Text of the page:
Jesse Eisenberg, Kristen Stewart
Bobby: Hey, Brennan, I wanna talk with you. Wanna pick up some extra shifts?
James: Yeah, sure.
Bobby: Good, cause Joel quit.
Paulette: He’s passed on.
Bobby: He MOVED on, honey…he didn’t pass on…he moved on.
It’s 1987, and James Brennan (Eisenberg) hopes to head off to college in New York in the Fall after going on a long vacation in Europe over the Summer. This is all derailed, though, when he finds out that his parents’ financial troubles won’t allow them to pay for his trip. They also won’t be able to pay for him to live in New York, so he must get a summer job and save some money. The job he gets is at an amusement park called Adventureland. There he meets an assortment of colorful characters, including Emily (Stewart), a troubled girl who James, of course, takes a strong liking to.
It’s been advertised as sort of another Superbad, probably because leading man Jesse Eisenberg is reminiscent of Michael Cera – oh, and because it’s directed by the same guy that directed Superbad – , but this movie is much more subdued than Superbad. In fact, it’s tone is more like that of the show Freaks & Geeks, which was also set in the 80s. Martin Starr, who is funny as Joel in this film, was also a cast member of Freaks & Geeks, so that adds to the similarities as well.
I mentioned this movie was more subdued than Superbad, but at times it’s downright lackadaisical. The one performance that seems to be going for some sort of energy or spirit is by Matt Bush, as Frigo, but that character is fairly one-note and annoying. I think Bush was trying a little too hard to make the character wild and crazy.
The characters are mostly likable, and there’s a general pleasantness to the whole movie that makes it easy to watch, but it never really seems to hit its stride in the comedy department, despite Bill Hader and Kristen Wiig’s best efforts. Though, it compensates for that by having a more interesting relationship than is usually seen in movies like this. Ordinarily it’s just the geeky guy trying to win the perfect girl, but in this case, the girl is not so perfect. She has a troubled family life and a secret relationship that she wants to keep hidden from James. It’s refreshing to see two people who are mutually attracted to each other from the get-go, rather than a goofball who wins over the girl because the script says so. We actually get to see James and Emily converse, get to know each other, and bond over their cruddy lives, all while Emily tries to keep James at arm’s length.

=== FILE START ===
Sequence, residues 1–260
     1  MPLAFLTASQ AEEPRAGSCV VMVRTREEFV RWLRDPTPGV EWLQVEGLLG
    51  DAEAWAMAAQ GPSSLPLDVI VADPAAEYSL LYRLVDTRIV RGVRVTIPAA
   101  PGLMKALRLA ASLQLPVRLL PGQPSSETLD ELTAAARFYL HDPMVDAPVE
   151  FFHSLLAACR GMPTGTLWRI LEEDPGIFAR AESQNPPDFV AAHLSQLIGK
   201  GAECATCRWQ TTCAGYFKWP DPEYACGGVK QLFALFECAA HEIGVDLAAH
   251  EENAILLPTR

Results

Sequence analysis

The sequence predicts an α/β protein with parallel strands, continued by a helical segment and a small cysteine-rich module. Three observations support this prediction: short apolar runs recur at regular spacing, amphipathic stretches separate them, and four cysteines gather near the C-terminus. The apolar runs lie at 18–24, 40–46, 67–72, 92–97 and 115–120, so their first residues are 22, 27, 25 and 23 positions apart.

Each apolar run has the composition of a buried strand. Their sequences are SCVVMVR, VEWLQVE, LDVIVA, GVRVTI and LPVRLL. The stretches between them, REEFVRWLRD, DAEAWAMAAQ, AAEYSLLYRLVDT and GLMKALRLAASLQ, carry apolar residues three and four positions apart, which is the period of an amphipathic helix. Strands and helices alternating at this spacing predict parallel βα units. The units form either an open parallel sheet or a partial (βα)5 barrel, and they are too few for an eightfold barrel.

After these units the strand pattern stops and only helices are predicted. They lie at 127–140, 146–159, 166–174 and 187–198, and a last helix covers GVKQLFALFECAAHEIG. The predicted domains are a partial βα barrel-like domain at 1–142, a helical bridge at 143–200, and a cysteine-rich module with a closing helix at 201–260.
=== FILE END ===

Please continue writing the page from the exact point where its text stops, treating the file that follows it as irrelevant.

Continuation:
As usual, there’s plenty of pot smoking and drinking, and a few bodily fluids jokes thrown in, but in general it’s a bit less crude than the average modern teen comedy. Unfortunately, it’s also a bit less funny than the better modern teen comedies.
Most of those carnival games are rigged so it’s harder to win…who knew??
10 – 2.1 for not being as funny as it should have been – 1.3 for an overall lack of energy + .2 for a more interesting lead relationship than usual = 6.8